The Original Sound of Mali is a new compilation drawing together a selection of incredible music from, as the title suggests, 1970s and 80s Mali. Compiled by the esteemed Mr Bongo label, the album covers a remarkably fertile period of Malian musical history, a time when new recording technology led to a gold rush of bands laying tracks down to tape. This period saw the early recordings from artists who would go on to worldwide acclaim; the likes of Salif Keita, Ali Farka Toure and Idris Soumaoro would later enjoy the championing of the ‘world’ music scene with their slickly produced internationally available CDs. This compilation goes back to a time before that, when they were still making music for a local audience. The production values are rawer, but the results are thrilling.
Having enjoyed the tracklist immensely we contacted David from Mr Bongo- the driving force behind the release- to talk about the genesis of a passion project that has taken years to deliver.
Hey David, how did this compilation first come together?
Going back to the beginning, I’ve always been inspired by Mali music. There’s a haunting, heavy quality to it. I used to work with Ali Farka Toure when I worked at World Circuit back in ’88, and I found out about Mali music then. So over the last 20 or 30 years I’ve been getting into the artists featured on this album; Idris Soumaoro, The Rail Band and so on. That process helped me find some of the people involved and start to license stuff. It took a long time; it’s taken about three or four years to put this together. I think the genesis was when I heard a mix on this website Soul Bonanza – I got together with those guys because they knew more than I did, and started contacting people in Mali from there, going direct to the artists that were still alive. Idris Soumaoro is a really interesting character, he used to run this blind school – you know Armadou & Mariam?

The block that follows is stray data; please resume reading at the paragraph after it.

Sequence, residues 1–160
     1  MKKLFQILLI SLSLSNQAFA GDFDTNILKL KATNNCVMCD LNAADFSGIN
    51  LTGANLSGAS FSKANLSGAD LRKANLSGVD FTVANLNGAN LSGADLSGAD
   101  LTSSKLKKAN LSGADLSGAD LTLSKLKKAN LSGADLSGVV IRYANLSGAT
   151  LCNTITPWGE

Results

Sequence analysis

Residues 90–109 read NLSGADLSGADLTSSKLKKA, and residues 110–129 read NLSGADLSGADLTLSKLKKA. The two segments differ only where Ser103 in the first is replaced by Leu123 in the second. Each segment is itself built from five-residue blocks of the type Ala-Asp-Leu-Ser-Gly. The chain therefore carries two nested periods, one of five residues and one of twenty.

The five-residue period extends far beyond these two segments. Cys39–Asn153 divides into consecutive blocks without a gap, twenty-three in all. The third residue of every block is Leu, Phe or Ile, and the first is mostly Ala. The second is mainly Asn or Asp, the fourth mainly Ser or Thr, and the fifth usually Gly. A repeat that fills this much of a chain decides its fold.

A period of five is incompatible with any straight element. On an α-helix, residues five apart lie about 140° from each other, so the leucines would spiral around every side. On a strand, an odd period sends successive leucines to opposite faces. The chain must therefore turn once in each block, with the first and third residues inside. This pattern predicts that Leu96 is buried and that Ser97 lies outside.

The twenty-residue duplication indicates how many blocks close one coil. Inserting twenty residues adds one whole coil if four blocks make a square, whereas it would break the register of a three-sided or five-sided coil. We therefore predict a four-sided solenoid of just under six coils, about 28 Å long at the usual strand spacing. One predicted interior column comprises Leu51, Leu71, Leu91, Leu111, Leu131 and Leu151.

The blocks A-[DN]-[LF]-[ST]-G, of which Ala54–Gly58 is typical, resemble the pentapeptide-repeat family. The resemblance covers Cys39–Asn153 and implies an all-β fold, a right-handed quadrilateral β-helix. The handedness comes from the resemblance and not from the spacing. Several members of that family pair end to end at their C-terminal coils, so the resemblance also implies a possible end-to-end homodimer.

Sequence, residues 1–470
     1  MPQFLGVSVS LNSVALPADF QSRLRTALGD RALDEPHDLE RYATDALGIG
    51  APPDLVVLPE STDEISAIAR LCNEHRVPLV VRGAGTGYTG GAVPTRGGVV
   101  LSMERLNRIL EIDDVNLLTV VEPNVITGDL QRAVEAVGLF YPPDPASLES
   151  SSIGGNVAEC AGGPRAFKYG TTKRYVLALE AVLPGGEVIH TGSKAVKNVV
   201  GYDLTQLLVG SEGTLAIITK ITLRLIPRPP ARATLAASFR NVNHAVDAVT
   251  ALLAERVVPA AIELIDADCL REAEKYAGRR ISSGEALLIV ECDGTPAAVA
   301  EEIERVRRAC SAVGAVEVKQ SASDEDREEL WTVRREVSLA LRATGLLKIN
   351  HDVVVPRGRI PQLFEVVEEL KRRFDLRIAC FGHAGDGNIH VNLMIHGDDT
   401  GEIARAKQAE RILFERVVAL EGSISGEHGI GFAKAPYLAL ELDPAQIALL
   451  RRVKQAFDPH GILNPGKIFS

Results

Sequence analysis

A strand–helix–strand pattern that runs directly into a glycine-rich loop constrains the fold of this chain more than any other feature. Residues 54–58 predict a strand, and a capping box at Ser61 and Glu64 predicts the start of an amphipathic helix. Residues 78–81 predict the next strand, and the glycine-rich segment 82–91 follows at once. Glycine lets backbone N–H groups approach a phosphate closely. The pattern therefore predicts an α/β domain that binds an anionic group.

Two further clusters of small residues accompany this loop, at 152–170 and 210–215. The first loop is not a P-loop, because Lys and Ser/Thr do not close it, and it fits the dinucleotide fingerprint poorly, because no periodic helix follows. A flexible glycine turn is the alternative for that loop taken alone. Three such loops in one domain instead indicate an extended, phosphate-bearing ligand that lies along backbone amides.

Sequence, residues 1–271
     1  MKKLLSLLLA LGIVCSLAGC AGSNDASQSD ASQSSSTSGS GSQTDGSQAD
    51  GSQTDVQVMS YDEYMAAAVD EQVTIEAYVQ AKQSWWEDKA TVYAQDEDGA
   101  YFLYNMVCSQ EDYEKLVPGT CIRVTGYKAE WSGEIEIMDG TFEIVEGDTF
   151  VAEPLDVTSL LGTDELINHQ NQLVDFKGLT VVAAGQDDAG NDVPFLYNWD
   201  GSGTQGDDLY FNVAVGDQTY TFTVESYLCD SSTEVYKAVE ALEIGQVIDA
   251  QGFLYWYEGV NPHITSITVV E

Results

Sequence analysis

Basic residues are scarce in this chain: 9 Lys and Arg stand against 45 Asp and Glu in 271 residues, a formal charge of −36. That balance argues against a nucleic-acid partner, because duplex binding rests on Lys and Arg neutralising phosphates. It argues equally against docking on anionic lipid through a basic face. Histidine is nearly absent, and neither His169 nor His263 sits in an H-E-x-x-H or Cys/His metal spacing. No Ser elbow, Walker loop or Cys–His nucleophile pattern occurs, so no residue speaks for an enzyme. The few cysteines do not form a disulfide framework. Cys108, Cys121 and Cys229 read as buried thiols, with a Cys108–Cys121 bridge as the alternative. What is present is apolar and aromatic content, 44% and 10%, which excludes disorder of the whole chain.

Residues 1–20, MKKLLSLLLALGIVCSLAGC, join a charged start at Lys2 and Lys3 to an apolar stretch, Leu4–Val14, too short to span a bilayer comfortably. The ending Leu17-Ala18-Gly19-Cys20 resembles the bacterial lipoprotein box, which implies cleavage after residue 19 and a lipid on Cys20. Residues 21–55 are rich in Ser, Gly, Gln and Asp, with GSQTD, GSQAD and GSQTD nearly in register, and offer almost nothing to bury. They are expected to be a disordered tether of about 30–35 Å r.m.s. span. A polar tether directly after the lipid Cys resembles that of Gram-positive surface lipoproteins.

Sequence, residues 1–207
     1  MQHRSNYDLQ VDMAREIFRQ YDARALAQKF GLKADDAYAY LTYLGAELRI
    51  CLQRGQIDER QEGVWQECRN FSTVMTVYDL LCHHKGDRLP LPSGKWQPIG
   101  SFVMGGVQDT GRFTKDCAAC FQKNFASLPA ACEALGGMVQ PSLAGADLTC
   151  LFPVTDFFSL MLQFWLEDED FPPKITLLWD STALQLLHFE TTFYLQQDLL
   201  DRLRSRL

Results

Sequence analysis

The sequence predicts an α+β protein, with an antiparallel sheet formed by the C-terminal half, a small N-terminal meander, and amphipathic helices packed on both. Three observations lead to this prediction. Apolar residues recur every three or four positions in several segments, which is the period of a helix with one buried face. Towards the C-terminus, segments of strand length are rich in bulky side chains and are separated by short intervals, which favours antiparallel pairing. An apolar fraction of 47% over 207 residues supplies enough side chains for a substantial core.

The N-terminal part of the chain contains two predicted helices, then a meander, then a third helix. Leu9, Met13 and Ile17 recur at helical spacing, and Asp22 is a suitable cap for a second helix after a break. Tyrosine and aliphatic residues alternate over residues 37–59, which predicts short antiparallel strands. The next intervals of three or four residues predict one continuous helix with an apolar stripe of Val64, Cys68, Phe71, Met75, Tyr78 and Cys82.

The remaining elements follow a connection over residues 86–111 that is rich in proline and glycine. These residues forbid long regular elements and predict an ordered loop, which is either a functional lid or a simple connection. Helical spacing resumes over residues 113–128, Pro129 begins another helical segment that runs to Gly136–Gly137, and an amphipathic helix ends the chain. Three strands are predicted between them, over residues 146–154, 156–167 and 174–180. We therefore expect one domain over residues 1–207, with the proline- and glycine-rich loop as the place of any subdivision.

The two blind singers, they started with him, and I think Mariam sings on one of the songs on the album. We’ve tried to take songs from different provinces of Mali to give a different flavour, and try not to only use the well-known singers. We’ve tried to keep it a bit more obscure so it’s like a discovery.
How much of the compilation was licensed from Mali based record labels and how much from international majors who were coming in and signing stuff?
I suppose a bit of both. We spent a long time trying to find out who owned the Rail Band track, and in the end it turned out to be Universal. Idris, I managed to find through some contacts in Mali. Some of them were suggested by a guy called Fleur who’s a French musicologist. Trying to get hold of Malick Sidibe, the famous Malian photographer took a while, because he wasn’t very well – in fact he died while we were compiling it. Even sending money out there isn’t the easiest. Surprisingly most of the artists were still around – Salif is still playing and a lot of the Rail Band members are still alive which is great.
In that case, are you thinking about doing live shows around the compilation?
I never thought of that, I’ve got to say! Idris would probably be the one I’d want to bring over, it’s not a bad idea at all to have a Malian showcase. I don’t know whether the guys would be up for it. They did it with Buena Vista Social Club, and we’ve worked with people like Ebo Taylor and Pat Thomas, and Ebo’s 81. I guess people are living longer, and these old guys, they’ve still got it, they’ve still got the swing.
There’s a long standing theory that the blues can be traced back to Malian Music – is this something you hold any truck with?